Alberta Ballet's Othello
Alberta Ballet’s Othello
Southern Alberta Jubilee Auditorium, Calgary, Canada
October 25–27, 2007
Reviewed by Michael Crabb
With productions of A Midsummer Night’s Dream and Romeo and Juliet already to its credit, Calgary-based Alberta Ballet rounded out a cycle of Shakespeare-inspired ballets with the October premiere of a two-act Othello, choreographed by American Kirk Peterson.
With a score drawn from the compositions of Hollywood composer Jerry Goldsmith, rich and colorful period costumes by Sandra Woodall and evocative sets by Alexander Nichols, Peterson’s Othello has the superficial texture of an epic but thankfully does not forget that Shakespeare’s play is ultimately a very domestic tragedy.
Like Verdi in his 1887 opera version, Peterson dispenses with Shakespeare’s Venetian first act and begins the story in Cyprus where the Moorish general Othello has been sent to defend the island against the Turks. Here Iago, his evil and duplicitous ensign, weaves the web of lies and insinuations that fatally ensnares Othello and his blameless wife, Desdemona.
The play itself is complicated, even ambiguous. With only music and movement at his disposal, Peterson, like other choreographers before him, is obliged to simplify the plot while satisfying audience expectations for spectacular dance drama, well stocked with solos, pas de deux, and ensembles. By equipping Othello with a swashbuckling entourage and introducing a corps of six female “Furies”—in function akin to an ancient Greek chorus—Peterson is able to balance more intimate scenes of interaction between the handful of principal characters.
Using a full range of classical ballet steps, embellished with Oriental flourishes and the occasional modernistic contraction or spiral, Peterson packs his Othello with vivid, often inventive and technically challenging choreography. His use of movement leitmotifs also highlights distinctions of character, from the courtly elegance of Cassio to the muscular bravado of Othello and serpentine coiling of Iago.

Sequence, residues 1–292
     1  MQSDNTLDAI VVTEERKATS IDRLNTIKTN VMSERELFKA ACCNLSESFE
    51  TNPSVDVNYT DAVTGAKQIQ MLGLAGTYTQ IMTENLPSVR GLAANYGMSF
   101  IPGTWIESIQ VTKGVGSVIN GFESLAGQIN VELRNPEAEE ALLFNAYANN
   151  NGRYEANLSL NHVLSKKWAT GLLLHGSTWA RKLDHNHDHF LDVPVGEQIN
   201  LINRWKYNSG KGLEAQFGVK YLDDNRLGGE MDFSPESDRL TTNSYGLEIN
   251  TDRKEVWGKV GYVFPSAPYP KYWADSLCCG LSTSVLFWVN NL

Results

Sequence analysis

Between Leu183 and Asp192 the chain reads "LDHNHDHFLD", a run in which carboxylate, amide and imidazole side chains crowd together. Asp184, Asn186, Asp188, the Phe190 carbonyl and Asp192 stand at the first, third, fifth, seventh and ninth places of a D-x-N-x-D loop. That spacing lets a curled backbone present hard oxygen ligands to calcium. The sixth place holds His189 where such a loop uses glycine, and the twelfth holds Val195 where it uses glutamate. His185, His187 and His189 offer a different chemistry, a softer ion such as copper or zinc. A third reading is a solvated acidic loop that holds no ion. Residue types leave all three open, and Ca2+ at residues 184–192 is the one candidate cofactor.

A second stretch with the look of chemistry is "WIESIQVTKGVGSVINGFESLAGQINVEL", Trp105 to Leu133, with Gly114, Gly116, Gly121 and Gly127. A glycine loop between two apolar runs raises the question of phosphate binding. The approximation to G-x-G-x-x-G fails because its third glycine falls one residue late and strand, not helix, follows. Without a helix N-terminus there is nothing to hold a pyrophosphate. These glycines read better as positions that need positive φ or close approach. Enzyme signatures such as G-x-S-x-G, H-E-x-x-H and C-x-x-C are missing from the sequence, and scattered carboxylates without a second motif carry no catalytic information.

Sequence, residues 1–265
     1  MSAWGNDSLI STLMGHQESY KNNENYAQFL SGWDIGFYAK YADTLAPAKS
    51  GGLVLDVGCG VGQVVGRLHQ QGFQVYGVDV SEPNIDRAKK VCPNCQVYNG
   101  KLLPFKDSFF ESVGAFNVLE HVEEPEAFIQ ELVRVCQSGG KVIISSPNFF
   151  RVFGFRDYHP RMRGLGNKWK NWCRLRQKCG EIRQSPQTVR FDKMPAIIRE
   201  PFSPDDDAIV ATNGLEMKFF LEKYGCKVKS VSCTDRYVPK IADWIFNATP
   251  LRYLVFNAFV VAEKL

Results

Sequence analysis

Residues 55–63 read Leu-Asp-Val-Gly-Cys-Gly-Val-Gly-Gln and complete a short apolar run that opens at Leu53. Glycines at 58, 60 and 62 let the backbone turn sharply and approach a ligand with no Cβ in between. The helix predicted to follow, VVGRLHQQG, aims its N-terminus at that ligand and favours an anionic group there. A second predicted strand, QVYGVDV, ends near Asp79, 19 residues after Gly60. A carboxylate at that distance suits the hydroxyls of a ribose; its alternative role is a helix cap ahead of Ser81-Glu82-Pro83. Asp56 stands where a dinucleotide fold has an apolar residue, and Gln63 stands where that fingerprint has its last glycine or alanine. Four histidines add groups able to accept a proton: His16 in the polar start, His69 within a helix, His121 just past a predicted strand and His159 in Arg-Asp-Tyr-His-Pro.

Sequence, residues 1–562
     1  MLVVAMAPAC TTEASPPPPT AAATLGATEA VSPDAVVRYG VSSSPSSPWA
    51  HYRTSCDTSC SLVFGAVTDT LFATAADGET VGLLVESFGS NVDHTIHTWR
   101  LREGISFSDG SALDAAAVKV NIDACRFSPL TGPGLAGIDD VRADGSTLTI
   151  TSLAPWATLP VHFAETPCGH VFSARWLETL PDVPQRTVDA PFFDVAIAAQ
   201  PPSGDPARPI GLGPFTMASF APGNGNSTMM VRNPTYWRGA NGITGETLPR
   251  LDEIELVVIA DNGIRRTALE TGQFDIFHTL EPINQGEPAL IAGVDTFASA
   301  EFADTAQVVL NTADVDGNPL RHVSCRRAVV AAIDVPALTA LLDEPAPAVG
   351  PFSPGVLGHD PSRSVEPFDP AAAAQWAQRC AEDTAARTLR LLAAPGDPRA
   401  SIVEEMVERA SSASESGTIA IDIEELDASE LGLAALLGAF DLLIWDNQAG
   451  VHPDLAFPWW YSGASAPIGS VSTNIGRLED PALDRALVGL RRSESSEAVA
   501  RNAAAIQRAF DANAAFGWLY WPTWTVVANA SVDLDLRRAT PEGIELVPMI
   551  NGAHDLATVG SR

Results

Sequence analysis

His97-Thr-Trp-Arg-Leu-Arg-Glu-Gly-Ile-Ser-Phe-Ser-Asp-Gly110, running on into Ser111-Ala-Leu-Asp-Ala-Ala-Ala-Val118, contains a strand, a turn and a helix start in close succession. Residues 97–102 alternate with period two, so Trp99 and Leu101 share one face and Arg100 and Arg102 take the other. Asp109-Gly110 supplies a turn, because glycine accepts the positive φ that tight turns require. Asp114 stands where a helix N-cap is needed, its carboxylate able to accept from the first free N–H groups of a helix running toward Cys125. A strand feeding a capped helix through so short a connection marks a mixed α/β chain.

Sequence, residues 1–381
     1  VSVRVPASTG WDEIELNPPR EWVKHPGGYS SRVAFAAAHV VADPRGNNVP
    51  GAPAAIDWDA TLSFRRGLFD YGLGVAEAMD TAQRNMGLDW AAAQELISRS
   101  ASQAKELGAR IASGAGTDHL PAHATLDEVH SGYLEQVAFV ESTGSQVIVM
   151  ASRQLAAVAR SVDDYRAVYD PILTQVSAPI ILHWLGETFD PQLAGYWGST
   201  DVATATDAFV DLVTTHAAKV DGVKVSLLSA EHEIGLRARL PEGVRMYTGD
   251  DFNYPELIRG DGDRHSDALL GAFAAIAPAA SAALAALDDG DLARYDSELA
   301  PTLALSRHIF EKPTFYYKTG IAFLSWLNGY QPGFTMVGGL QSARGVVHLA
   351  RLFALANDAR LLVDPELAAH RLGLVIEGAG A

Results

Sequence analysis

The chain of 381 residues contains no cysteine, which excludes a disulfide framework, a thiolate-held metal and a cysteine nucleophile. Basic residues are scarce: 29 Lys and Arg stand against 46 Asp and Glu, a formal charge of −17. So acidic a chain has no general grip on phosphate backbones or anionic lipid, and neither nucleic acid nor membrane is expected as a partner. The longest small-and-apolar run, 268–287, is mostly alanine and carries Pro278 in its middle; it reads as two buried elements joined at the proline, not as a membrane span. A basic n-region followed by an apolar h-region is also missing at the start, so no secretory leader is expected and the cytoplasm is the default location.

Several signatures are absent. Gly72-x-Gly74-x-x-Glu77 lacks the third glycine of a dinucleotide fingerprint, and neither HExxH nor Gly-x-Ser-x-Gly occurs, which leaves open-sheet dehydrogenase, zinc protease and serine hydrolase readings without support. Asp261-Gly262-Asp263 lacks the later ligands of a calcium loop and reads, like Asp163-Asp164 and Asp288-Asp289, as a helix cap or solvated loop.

Shakespeare critics still debate the true source of Iago’s venom, brilliantly evoked by Peterson’s choreography in an explosive opening solo, and in two subsequent, smoldering duets with Othello. The gullible general allows his instinctive jealousy to be enflamed by Iago. The latter, to judge by the homo-erotic suggestiveness of their varied grappling, appears driven as much by deep-rooted attraction as by hatred; repressed love sublimated into loathing.
Othello’s susceptibility is less clearly explained although in underlining his African heritage through costuming and movement motifs, Peterson hints at the insecurity of a mercenary outsider, suspiciously ill at ease within the society of his Venetian employers.
It is Iago’s complex psychology that clearly preoccupies Peterson. The ballet is as much if not more his story than that of the title character. It’s a thoroughly supportable interpretation and Peterson works it effectively, leaving us with the image of a defiant Iago, hauled aloft by the wrists as his punishment begins. It’s a Hannibal Lecter moment and deeply chilling.
Peterson’s choreography, both in its athleticism and embedded characterization, stretches and challenges the 26-dancer prairie company—augmented by students from the School of Alberta Ballet—to the limit. They responded with intense, dramatically focused performances, most notably from Canadian Kelley McKinlay, whose nuanced portrayal of Iago represents a milestone in the young dancer’s artistic development.